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Life After Delivery

Posted by whybelieveinjesus on May 23, 2014 at 5:10 PM

I found this little story the other day (paraphrased). Very thought provoking:



In a mother's womb were two babies. One asked the other "Do you believe in life after delivery?"


The other replied, "Why, of course. There has to be something after delivery. Maybe we are here to prepare ourselves for what will be later".


"Nonsense," said the first. "There is no life after delivery. What sort of life would that be?"


"I don't know, but there will be more light than here. Maybe we will walk with our legs and eat with our mouths".


The first said, "That's absurd! Walking is impossible. And eat with our mouths? Ridiculous! The umbilical cord supplies nutrition. Life after delivery is to be excluded; the umbilical cord is too short".


"I think there is something, and maybe it's different from how it is here".


The first replied, "No one has ever come back from there. Delivery is the end of life. The after-delivery is nothing but darkness and it takes us nowhere".


"Well I don't know," said the second, "but we'll see our mother and she will take care of us".


"Mother? You believe in mother? Where is she now, then?"


"She is all around us, we live in her. Without her there would not be this world".


"Well I don't see her so it's only logical she doesn't exist".


The second replied, "Sometimes when you're in silence, you can hear her, you can perceive her. I believe there is a reality after delivery and we are here to prepare ourselves for that reality".



I'm sure you can see correlation between this story and our lives. We are not babies in the womb any more, yet I really do believe that in some ways we are. We are here, on earth, right now, to prepare for something new and much better which will not come to fruition until we die.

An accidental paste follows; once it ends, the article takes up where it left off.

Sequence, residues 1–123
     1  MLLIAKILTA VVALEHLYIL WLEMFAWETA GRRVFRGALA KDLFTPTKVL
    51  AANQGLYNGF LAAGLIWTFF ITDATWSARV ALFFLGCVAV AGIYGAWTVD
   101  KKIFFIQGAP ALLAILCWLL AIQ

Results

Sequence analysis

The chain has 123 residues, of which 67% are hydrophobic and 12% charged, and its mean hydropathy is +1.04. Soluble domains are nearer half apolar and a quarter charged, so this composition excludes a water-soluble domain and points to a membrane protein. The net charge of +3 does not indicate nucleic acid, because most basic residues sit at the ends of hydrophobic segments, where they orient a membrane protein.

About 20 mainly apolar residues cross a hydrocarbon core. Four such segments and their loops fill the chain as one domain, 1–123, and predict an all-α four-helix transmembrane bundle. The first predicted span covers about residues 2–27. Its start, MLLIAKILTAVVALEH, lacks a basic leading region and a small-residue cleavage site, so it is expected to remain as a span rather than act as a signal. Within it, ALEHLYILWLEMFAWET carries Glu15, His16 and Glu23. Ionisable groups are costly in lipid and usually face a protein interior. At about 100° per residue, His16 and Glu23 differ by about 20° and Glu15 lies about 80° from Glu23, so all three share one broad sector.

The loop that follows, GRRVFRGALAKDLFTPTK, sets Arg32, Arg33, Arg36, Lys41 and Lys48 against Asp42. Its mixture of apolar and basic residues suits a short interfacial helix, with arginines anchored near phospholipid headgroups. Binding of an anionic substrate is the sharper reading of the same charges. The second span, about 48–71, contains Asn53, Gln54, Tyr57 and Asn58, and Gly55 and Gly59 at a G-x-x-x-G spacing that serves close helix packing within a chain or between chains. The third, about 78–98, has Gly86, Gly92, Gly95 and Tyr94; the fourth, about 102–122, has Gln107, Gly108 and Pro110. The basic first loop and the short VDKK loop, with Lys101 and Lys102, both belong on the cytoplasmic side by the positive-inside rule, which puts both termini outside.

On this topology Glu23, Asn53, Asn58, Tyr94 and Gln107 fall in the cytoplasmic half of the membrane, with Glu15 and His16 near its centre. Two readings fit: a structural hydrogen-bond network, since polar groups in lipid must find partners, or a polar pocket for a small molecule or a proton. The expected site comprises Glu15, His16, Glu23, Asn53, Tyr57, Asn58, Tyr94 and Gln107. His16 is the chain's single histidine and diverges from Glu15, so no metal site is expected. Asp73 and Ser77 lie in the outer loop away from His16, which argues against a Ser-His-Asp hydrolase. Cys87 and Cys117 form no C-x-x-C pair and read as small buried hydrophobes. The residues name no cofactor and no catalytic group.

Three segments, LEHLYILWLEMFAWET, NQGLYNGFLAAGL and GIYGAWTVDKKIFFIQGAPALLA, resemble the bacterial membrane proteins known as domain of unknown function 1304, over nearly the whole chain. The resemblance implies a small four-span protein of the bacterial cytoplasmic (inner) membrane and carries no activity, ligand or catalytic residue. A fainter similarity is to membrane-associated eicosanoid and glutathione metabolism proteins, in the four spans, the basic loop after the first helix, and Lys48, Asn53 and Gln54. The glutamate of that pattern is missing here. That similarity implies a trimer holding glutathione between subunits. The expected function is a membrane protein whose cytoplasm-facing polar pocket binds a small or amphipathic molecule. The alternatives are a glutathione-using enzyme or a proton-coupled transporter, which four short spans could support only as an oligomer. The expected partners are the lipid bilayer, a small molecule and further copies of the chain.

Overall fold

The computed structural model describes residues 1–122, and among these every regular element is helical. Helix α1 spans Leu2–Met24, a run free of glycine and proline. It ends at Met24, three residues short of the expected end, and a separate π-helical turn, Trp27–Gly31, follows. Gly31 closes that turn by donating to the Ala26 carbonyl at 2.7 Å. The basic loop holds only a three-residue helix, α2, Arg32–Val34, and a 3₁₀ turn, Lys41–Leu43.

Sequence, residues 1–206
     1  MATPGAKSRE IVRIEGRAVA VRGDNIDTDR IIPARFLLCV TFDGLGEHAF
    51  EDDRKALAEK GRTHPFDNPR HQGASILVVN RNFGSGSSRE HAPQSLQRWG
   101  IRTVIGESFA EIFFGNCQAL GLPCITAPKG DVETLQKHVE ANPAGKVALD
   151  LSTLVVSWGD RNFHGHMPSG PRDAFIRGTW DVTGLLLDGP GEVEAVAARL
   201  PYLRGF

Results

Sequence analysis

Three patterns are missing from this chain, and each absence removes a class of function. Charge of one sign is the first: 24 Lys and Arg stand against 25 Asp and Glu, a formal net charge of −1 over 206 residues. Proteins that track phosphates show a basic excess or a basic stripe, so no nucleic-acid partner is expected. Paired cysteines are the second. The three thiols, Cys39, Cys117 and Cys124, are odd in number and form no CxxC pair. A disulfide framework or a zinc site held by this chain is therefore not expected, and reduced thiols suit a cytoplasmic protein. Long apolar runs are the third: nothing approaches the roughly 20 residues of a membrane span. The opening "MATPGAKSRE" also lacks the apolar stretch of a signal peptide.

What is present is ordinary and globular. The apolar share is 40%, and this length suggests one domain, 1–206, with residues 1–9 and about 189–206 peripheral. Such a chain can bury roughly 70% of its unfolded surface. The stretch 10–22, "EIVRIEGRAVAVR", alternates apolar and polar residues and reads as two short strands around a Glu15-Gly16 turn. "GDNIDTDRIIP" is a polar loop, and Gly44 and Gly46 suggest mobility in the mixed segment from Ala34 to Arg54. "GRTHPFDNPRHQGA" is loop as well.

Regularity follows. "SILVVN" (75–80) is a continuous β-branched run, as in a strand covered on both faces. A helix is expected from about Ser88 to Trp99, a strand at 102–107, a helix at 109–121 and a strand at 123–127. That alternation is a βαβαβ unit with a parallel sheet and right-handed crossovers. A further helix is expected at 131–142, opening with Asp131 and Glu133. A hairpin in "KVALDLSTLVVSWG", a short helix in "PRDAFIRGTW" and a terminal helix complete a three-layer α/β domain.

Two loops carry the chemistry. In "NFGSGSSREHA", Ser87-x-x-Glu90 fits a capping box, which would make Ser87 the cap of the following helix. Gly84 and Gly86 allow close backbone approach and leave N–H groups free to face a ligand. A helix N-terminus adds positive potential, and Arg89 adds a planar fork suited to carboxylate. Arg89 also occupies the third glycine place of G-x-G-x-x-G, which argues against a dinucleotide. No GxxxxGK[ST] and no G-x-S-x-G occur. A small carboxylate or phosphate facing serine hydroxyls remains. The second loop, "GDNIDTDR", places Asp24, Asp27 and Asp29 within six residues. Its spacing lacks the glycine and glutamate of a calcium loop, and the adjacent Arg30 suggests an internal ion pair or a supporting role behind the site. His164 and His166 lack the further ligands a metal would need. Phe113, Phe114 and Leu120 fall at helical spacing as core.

To the first baby above, delivery is a death sentence. It is the end of the world he knows and the end of certainty and existence. Delivery is something which is inevitable but because he can't see beyond it, it is a daunting and final event. 


The second baby takes a different view and sees that perhaps there is something more, something better which won't happen until the babies are born. Walking with legs and eating with mouths seems a ridiculously ambitious concept to a baby in the womb. Some things that children and adults do is totally beyond the comprehension of the baby. Yet isn't life outside the womb so much better?


The reasoning employed by both babies closely resembles discussions between those who believe in life after death and those who don't. If it cannot be seen and proved and measured, then let's not believe in it. But the second baby does not deny that no one has come back to tell of their experiences outside the womb. He just believes that it is possible that something better might exist afterwards and that the womb is merely a preparation area for something much better.


I think heaven is like this. No one can tell you exactly what to expect with heaven and I would be cautious about believing that it's all full of clouds and harps! Phew! But I do believe that it is incomprehensibly better than what we know and love at the moment. Yes, this world is impressive, beautiful and feels like home but it's temporary. At the most we will live here for a few decades. But heaven is going to be like the prelude ending and the main story beginning. 


Jesus Christ often spoke to his disciples and followers about heaven to give them glimpses of how much better it will be and why it is worth living with an eternal perspective rather than one focused entirely on this life. For example, in Matthew 13: 31-32, Jesus says,


"The kingdom of heaven is like a mustard seed, which a man took and planted in his field. Though it is the smallest of all seeds, yet when it grows, it is the largest of garden plants and becomes a tree, so that the birds come and perch in its branches".


This allegory is a wonderfully vivid picture. We see seeds all around us on all types of plants. They are beautiful in themselves but the seed has to fall to the ground, shrivel up and die before the true beauty happens - it grows into a much bigger and more impressive or stunning plant. Shrivelled acorns, for example, aren't a sight to behold but a glorious oak tree is phenomenal.


I enjoy being an "acorn", really I do, but I'm looking forward to being that "oak tree" more!

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